Prepare for Sale

Prepare Your Business for Sale

Deciding to sell your business is an emotional decision, then you need to prepare your business for sale. Once you decide selling then it is time to make the move – assuming all decision makers are on board with this decision.

Following critical steps are pertinent to prepare your business for sale:

  1. Align Organizational Objectives: Align goals and objectives for executing the strategy to maximize the chances of success, requiring a clear articulation of these objectives by management.
  2. Develop a Exit Plan: Once the sales objectives have been articulated and buy-in obtained, its critical to begin to plan the tactical steps necessary for management to execute the strategy.
  3. Assemble a Team of Advisors & Deal Specialists: After strategy and the internal team is in place, the detailed planning process has begun in earnest. Despite the Management team’s dedication and diligence, there likely remain areas where the shareholders need the benefit of outside functional expertise.
  4. Get Your Books and Records (Financials) In Order: Any potential buyer will undoubtedly pay a great deal of attention to the financial results the company has achieved over the past few years. Owners can expect a buyer to scrutinize historical performance to better understand the risks and rewards associated their potential investment. Steps can be taken early in management’s sale process to better facilitate this analysis and provide a potential buyer with added comfort with regard to the historical financials.
  5. Develop Quality Financial Projections: To maximize the value of a business in a sale, it is critical that management provide the potential buyer(s) with a credible, compelling story of future growth opportunities and profitability.
  6. Understand the Subjective Value of Your Business: By better understanding a potential buyer’s philosophy and attitude towards what drives value, a seller can begin to understand how this philosophy might apply to attributes of your business. These value drivers will vary from buyer to buyer.  Some of these drivers will be objective, some subjective —it depends on the unique buyer and what is expected from the transaction.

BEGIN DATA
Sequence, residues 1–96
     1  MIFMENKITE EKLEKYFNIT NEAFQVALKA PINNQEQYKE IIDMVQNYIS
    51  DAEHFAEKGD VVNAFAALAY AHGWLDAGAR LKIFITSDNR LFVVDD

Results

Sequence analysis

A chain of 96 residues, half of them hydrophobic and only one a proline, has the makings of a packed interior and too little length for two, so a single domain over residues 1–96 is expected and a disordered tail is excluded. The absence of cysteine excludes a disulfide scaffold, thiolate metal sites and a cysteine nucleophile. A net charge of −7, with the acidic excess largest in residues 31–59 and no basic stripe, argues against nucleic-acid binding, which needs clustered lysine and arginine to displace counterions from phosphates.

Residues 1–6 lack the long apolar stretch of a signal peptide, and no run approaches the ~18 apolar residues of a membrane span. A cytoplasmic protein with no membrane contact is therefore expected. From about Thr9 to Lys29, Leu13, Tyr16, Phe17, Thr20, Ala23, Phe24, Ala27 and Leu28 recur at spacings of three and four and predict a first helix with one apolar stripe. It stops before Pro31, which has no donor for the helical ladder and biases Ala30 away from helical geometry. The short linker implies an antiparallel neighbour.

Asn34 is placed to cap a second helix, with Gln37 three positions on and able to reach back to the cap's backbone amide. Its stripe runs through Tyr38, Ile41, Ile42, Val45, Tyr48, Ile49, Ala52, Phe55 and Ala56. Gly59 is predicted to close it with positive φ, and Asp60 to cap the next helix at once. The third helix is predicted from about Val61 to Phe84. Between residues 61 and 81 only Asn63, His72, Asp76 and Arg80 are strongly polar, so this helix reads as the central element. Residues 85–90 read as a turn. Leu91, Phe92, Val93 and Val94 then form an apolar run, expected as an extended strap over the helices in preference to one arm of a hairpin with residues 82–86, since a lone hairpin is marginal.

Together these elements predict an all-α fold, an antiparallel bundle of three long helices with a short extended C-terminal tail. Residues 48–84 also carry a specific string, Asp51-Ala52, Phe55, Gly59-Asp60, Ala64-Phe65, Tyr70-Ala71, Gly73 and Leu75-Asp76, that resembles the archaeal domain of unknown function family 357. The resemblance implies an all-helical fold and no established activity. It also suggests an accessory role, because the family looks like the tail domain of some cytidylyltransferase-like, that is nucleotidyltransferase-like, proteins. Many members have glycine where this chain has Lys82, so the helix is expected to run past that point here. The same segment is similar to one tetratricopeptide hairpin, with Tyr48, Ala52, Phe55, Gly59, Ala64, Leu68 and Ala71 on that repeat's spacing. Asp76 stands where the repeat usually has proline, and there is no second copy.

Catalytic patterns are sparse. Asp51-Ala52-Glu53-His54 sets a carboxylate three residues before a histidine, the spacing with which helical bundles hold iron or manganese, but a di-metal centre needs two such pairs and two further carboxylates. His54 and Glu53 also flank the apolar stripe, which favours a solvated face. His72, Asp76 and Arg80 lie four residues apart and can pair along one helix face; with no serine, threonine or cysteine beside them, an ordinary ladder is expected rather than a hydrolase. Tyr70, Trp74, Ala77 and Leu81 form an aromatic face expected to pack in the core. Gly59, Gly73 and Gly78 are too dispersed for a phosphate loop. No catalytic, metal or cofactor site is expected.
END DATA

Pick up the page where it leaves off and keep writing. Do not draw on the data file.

7. Identify Potential Acquirers / Understanding Process: Part of the process of understanding the concept of subjective value will be to begin to identify logical fits and potential acquirers for the business. What has driven past consolidation? Who are the participants? What appears to be the prevalent expansion strategy?
  8. Evaluate Deal Structuring Alternatives: Deal structuring, tax structuring, and financial engineering can produce significant value within the context of a transaction. Often, creative structuring can prove to be the difference between closing a transaction and sending everyone home empty-handed. The earlier a company begins to understand the implications of various structuring alternatives, the better prepared they will be as the specifics of the deal begin to materialize and negotiations heat up.
  9. Review Transaction Objectives and Priorities: Evaluate what is learned to-date during planning process and compare to objectives articulated at the onset of the planning process. This exercise will better align expectations and priorities as the process continues.
  10. Determine Sale Timeline and Execute: Assuming shareholders remain committed to continuing the sale process at the conclusion of the planning phase (i.e., timing and market is favorable), an execution plan should be developed. 

Here is what you DO NOT want to do…

  • Tell anyone that you are going to sell – confidentiality is of utmost importance
  • Change the business models or daily operations
  • Take cash out of the business that will alter subsequent financial statements

If you would like to discuss the sale of your company, please contact us with your business information.

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